There is some debate as to whether Hard Rain Falling is a crime novel. I’ll let others argue over the fine-grained literary questions. The book is about crime, criminals, and prison. That’s enough for me.

Hard Rain Failing opens in eastern Oregon in 1923, with a liaison between a cowboy and a 16-year-old female runaway.… Read more

Book review: Trouble in the Heartland

Trouble In the HeartlandWith so many books to get through for various projects and paid journalism, I haven’t been doing much reading for pleasure lately and, what little I have done, hasn’t been very focused. So short story anthologies are the ideal format. Trouble in the Heartland: Crime Fiction Inspired by the Songs of Bruce Springsteen is the best of the current crop I’ve read.

I was sold on this book the very first time I heard about it. As an enormous fan of Springsteen and crime fiction, in some respects it wasn’t a very hard sell. That didn’t mean it would necessarily be any good.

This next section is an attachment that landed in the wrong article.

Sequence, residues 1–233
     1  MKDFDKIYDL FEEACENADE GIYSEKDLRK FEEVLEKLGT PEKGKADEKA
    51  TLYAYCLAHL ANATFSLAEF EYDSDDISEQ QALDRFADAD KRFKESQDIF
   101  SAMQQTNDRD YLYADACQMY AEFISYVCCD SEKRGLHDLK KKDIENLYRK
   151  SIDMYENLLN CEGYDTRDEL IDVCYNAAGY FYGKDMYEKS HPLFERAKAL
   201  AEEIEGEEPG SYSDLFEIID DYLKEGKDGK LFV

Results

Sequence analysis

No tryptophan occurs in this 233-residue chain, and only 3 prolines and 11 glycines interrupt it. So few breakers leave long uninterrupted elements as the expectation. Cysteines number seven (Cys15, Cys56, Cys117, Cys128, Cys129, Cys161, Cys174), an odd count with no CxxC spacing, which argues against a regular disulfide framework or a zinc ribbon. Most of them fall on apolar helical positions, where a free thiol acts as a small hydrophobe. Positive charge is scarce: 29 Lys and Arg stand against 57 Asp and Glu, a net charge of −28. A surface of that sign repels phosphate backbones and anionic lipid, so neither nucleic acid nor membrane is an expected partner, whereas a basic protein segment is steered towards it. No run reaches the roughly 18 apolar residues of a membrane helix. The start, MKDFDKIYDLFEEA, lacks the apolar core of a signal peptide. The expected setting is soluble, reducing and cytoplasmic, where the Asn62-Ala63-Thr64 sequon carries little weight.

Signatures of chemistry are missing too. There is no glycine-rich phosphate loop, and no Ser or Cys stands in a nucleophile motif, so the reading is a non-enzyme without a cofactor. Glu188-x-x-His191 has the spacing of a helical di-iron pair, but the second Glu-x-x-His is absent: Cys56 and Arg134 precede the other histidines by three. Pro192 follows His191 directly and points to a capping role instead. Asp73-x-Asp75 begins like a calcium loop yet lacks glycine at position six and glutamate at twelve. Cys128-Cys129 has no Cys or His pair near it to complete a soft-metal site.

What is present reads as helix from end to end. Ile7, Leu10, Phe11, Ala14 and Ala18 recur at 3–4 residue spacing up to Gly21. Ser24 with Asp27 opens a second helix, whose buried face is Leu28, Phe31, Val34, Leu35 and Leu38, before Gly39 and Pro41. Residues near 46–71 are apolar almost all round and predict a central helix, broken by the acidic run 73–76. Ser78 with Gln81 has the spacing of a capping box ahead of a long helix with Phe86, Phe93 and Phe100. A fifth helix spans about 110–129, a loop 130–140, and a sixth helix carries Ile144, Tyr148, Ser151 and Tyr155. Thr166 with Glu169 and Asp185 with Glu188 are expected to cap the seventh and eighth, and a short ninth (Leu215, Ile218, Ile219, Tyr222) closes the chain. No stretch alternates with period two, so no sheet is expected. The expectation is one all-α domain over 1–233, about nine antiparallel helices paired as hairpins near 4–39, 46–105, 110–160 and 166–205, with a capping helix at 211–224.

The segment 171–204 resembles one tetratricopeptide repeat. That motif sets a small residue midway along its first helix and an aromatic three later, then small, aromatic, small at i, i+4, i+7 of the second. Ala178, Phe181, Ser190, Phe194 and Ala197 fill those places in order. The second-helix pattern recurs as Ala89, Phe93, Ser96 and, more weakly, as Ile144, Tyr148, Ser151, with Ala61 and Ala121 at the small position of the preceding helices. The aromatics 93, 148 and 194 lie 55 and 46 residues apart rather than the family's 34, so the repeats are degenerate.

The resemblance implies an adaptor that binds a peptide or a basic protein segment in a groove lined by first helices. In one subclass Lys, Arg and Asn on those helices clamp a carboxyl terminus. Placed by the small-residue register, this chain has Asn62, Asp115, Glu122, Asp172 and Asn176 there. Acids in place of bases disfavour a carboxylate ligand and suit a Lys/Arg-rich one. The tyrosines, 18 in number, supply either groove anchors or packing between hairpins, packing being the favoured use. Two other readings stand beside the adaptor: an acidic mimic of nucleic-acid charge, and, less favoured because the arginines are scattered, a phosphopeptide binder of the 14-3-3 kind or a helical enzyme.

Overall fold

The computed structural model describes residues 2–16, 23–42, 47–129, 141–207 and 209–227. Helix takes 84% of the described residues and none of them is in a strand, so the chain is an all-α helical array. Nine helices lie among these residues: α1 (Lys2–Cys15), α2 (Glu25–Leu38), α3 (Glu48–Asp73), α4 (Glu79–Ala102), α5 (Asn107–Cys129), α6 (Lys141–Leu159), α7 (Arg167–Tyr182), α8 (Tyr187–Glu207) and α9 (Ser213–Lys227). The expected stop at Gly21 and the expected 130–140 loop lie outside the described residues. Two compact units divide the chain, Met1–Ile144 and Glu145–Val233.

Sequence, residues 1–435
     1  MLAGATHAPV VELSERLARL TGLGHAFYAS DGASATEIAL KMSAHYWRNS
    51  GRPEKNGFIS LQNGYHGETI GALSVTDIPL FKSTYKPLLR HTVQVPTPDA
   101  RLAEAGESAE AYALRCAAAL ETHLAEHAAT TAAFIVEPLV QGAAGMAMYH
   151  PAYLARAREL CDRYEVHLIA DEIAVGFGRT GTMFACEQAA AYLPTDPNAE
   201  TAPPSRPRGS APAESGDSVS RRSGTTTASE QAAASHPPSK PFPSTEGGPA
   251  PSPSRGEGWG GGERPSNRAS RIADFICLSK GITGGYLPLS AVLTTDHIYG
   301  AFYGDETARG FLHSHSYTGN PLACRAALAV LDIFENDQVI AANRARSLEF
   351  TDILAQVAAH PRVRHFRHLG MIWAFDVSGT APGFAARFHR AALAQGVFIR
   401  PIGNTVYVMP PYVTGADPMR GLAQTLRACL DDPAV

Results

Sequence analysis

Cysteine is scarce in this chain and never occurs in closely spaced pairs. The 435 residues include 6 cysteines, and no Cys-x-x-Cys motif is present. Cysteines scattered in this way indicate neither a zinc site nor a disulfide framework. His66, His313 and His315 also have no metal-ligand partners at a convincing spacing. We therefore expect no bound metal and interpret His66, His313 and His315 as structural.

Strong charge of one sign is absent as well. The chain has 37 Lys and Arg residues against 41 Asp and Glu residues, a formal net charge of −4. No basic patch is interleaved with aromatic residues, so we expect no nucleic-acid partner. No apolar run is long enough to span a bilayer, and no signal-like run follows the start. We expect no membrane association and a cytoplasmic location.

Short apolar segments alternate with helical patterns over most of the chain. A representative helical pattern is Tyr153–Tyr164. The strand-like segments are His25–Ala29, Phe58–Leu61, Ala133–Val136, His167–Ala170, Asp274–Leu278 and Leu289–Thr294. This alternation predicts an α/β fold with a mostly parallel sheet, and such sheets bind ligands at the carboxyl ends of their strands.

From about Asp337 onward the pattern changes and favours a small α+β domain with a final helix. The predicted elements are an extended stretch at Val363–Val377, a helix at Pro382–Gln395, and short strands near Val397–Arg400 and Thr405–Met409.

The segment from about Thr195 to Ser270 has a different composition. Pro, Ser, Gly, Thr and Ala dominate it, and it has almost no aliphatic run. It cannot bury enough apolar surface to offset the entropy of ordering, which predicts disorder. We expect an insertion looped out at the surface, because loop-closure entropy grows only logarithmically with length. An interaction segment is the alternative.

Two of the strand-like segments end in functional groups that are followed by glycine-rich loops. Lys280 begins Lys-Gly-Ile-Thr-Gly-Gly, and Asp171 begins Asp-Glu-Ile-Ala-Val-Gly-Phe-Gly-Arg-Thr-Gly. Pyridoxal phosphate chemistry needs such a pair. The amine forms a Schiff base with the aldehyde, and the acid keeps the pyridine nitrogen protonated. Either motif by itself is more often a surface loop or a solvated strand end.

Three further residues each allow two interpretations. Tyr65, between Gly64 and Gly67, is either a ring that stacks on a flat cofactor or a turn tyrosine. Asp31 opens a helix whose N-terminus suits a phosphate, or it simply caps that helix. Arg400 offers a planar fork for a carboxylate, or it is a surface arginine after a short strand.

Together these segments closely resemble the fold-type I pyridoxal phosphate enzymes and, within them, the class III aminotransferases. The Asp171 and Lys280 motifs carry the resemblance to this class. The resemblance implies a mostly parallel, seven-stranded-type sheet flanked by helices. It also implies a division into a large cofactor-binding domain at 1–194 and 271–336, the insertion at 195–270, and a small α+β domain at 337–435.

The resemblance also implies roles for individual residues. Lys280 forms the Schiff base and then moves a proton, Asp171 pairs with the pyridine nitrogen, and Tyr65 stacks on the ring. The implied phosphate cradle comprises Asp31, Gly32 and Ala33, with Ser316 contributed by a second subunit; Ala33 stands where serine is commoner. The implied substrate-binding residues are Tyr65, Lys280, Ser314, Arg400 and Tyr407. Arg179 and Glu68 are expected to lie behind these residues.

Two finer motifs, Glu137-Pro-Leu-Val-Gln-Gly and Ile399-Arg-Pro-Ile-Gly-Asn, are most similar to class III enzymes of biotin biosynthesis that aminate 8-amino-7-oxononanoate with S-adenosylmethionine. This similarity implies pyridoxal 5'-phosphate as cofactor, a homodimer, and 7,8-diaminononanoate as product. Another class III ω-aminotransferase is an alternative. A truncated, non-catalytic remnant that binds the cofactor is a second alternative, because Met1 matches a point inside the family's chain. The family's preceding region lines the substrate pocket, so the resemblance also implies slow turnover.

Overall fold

The idea is pretty straightforward. Forty one mainly American writers, established and up and coming, were assigned a Springsteen song and told to write a short story inspired by it. If you know anything about Springsteen’s music, you’ll already have a fairly good idea about what a lot of the stories are about: losers, dreamers, men and women whose disappointment with the reality of the American dream runs deep and angry. A lot of the action takes place in greasy spoon diners, farms and crime infested housing projects, and on deserted rural roads. Most of the factories have closed down, farmers are struggling, and most of the characters don’t have a lot of fuel left in the tank and even less hope.… Read more

Mid-summer reading report back: Perfidia, Japanese tattoos, eighties sleaze

Perfidia

Summer in Melbourne is usually the one time of the year I can be guaranteed to get a fair amount of personal reading done. As has become my annual practice, a short report back on the books I have got through is in order.

Perfidia, James Ellroy